What might have happened to her placement if there was a max test of strength in the Semifinals? While the severity of a poor performance wouldn’t have been as harsh as it was in Quarterfinals, it is still unlikely she would have advanced considering how tight the margins were on the women’s leaderboard at that competition. Yielding a follow-up question of should there have been a strength test in the virtual Semifinals? (To be answered in a future article.)
The big picture: When analyzing the inclusion of backfill athletes in the Semifinals and their performances, there are two overarching questions to answer.
The first is, should backfill invitations be handed out at all?
- And it seems that is resoundingly a yes. Not only were some of these athletes good enough to impact the leaderboard, and in a rare instance advance in the season, but for the remainder of the backfill athletes who did not advance, they were able to gain valuable competition experience that hopefully will lead them to improving as athletes and competitors in years to come.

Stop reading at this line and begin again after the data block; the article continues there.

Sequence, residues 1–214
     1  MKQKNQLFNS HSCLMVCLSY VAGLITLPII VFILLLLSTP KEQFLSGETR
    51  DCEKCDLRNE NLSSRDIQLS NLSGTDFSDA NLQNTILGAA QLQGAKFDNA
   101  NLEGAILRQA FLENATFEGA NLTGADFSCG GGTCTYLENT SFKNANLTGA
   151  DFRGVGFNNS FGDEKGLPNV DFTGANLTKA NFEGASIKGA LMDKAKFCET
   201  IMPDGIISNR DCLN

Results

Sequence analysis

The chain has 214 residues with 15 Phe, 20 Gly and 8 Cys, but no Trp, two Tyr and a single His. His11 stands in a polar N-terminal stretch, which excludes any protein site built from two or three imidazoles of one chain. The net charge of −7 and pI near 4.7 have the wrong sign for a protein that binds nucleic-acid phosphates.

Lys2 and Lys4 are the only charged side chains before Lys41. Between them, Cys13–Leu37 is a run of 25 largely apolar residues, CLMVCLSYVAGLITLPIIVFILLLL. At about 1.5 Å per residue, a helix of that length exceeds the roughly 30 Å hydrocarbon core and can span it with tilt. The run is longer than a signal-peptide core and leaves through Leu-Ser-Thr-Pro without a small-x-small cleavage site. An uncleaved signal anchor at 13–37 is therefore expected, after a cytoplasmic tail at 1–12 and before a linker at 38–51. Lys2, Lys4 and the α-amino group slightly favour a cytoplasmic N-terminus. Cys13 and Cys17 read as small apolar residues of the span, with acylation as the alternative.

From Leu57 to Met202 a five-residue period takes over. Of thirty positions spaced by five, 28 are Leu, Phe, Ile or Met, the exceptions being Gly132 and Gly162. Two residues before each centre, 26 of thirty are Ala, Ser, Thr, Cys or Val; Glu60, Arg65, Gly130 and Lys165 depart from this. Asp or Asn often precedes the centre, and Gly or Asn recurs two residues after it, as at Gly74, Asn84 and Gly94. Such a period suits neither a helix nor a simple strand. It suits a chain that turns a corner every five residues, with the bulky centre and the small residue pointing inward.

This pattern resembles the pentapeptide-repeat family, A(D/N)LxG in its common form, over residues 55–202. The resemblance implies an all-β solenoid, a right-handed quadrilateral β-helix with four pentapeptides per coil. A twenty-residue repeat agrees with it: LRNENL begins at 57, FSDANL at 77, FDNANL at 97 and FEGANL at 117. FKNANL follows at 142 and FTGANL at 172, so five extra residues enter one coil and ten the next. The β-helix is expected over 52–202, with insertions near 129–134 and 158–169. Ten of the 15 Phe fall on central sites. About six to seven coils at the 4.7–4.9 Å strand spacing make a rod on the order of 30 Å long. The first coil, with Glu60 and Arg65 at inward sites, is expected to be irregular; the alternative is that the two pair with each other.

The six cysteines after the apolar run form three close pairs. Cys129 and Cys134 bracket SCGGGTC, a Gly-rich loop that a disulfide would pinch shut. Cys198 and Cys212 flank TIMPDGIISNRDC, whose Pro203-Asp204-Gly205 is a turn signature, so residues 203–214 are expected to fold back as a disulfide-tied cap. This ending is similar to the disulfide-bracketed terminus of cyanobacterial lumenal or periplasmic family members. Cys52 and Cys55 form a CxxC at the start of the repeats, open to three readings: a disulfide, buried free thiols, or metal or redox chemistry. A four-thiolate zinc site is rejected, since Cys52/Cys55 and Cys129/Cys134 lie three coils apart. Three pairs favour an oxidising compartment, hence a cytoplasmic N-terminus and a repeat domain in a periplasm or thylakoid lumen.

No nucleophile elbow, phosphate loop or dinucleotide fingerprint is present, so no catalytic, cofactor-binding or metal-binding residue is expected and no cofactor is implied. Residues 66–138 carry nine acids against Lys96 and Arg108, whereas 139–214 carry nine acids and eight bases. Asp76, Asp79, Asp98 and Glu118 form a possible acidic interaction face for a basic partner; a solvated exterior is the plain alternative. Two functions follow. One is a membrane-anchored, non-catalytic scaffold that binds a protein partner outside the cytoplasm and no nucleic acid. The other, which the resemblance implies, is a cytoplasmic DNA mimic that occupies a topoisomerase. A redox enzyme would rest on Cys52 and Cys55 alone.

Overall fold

The second question has to be if the selection process is appropriate given how well a couple of the backfill athletes did.
- What is important to remember here is that the exception does not prove the rule. The majority of backfill athletes were in the bottom of their Semifinal field, and that’s not surprising considering their performance in the Quarterfinals originally was not good enough to qualify for this round. The backfill process is good as it is, and it’s great to have a full field of athletes competing. The fact that a couple did well enough to move forward in the season is very cool, but it does not necessarily expose a flaw in the system.